Someone told me not long ago “Christmas is like the Super Bowl of Christianity”. I thought about that claim for a moment and replied “I think the Super Bowl is probably Easter…”. Though the Christmas season is profound in its own right, Easter is the single most impactful event in the history of the world. No event, no person, has changed the world more than Jesus and His redemptive work of loving sacrifice on the cross. 

Easter is when we get to intentionally celebrate God’s big love and His good plan for humanity. It is God’s big love for us that set in motion His good plan. But I think sometimes-and maybe lots of times-I live like I have forgotten God’s love for me and for those around me. I can get stuck inside the chaos of all that is hard, all that is broken, all the things I wish to change but cannot. And at night I go to bed only to stay up until the early hours of the morning thinking about all the brokenness and pain once more. In those moments, I seemingly push aside the reality of God’s big love to shout “don’t you see all of this mess God?! All of this injustice?! Why is this person/ situation (or both) so freaking awful?!”. My ADHD and OCD (especially and always my OCD) sometimes feel like they have a stranglehold on each moment of the day, chasing me down and tackling me like a 300-pound lineman in the Super Bowl. It’s like I believe God is all at once too small, too fickle, and too weak to handle any of it.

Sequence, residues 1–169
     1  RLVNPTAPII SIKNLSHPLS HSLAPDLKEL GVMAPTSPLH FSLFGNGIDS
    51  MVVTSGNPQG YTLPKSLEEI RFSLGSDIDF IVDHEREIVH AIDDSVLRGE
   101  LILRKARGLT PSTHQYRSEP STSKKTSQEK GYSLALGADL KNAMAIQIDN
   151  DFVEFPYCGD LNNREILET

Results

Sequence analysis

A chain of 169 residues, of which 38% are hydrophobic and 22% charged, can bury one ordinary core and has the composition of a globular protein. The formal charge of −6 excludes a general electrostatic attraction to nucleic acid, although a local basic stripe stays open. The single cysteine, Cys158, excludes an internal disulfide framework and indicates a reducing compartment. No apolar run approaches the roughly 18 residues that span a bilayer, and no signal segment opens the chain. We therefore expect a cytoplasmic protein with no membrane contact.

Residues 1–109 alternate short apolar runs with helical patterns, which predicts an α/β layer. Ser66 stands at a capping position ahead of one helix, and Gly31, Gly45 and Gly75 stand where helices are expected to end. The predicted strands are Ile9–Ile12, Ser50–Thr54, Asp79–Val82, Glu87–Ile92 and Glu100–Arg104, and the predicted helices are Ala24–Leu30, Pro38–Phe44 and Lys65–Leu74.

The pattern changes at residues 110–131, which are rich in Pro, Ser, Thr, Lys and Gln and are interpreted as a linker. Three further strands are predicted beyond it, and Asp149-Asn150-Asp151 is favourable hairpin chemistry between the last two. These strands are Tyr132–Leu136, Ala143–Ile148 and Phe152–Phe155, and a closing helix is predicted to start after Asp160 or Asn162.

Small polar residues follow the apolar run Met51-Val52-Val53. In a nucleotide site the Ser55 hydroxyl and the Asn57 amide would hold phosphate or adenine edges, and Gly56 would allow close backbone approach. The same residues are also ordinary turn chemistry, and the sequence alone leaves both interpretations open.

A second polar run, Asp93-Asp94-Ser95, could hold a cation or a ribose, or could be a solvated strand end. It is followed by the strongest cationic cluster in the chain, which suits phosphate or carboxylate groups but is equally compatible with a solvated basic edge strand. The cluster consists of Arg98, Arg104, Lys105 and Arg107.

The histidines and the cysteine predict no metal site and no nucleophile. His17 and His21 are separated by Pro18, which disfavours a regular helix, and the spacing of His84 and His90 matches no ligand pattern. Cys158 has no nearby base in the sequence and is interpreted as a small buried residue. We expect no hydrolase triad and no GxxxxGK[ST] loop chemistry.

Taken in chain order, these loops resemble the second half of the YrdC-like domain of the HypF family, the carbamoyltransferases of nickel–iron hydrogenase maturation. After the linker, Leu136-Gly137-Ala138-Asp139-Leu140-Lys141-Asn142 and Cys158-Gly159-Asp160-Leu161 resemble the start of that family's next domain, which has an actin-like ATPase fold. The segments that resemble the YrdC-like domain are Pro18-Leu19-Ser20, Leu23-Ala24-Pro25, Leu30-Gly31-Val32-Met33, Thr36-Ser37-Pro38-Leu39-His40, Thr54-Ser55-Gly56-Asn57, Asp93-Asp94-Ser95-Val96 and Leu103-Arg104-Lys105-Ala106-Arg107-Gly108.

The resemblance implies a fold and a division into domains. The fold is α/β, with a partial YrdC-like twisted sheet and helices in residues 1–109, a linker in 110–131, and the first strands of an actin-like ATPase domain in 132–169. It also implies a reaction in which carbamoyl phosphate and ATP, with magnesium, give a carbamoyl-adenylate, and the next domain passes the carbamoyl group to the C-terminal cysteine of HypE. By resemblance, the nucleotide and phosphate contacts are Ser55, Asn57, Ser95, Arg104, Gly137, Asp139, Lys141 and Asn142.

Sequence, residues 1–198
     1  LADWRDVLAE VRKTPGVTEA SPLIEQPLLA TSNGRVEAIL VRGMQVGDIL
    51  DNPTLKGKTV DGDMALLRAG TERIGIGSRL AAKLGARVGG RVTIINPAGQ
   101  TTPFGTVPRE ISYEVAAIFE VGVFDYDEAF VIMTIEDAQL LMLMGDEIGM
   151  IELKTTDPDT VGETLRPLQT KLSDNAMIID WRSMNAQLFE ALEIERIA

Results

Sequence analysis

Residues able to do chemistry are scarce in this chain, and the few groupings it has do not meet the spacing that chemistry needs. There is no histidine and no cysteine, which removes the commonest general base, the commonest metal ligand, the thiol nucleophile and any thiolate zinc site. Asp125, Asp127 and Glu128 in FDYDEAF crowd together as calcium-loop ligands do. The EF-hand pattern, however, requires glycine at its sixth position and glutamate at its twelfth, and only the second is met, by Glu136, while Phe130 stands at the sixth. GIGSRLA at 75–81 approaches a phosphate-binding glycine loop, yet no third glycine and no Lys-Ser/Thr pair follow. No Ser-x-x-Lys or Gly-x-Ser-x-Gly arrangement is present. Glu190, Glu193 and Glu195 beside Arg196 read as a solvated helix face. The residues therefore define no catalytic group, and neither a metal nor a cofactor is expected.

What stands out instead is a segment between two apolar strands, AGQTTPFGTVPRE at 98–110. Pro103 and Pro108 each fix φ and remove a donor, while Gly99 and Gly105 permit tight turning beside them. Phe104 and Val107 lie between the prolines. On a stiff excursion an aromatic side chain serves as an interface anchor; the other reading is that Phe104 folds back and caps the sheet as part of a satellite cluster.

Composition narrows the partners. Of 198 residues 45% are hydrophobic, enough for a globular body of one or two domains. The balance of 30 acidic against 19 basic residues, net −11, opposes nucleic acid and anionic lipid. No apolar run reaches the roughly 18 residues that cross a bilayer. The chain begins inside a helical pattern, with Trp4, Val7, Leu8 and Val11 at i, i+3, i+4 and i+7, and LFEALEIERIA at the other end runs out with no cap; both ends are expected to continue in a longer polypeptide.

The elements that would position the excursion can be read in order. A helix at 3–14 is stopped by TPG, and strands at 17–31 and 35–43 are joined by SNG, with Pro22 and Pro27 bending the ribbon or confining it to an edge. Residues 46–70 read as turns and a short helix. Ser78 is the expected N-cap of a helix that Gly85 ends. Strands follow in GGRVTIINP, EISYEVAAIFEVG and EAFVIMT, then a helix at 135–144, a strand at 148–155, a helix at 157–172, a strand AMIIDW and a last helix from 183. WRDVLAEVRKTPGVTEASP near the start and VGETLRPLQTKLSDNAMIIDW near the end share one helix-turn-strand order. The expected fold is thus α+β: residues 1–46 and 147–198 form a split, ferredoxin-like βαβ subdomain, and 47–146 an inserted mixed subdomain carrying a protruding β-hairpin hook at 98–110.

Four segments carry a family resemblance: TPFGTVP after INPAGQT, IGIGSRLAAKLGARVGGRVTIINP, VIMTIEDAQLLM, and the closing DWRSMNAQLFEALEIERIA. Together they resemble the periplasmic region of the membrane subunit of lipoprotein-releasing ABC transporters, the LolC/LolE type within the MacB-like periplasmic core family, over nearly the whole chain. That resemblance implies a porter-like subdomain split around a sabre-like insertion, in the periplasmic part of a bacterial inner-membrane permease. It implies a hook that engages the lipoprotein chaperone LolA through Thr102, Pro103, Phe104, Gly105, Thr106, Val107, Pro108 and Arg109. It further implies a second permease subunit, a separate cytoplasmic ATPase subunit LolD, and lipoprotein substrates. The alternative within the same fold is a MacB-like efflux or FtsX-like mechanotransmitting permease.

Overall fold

It is only when I remember that this God is the same exact God who shifted the entire course of human history through his big love and good plan for us on Easter Sunday. God knew the world was broken and imperfect. None of this is a surprise or too much for Him. It’s because of His abundant love, the exact kind of love we celebrate on Easter, that we can trust that He sees us. He sees all of our pain, all of the weight we carry, all of our doubt and fear. Amidst all of that, God loves us unconditionally. So let us do the same. Let us reflect that same big love to a hurting and violent world. While we will never be perfect nor will our circumstances be perfect, we can trust that God’s big love is seen in His work of reconciliation on the cross—the work He did for you, for me, for every single person who breathes breath— is perfect.

Leave a Reply

Your email address will not be published.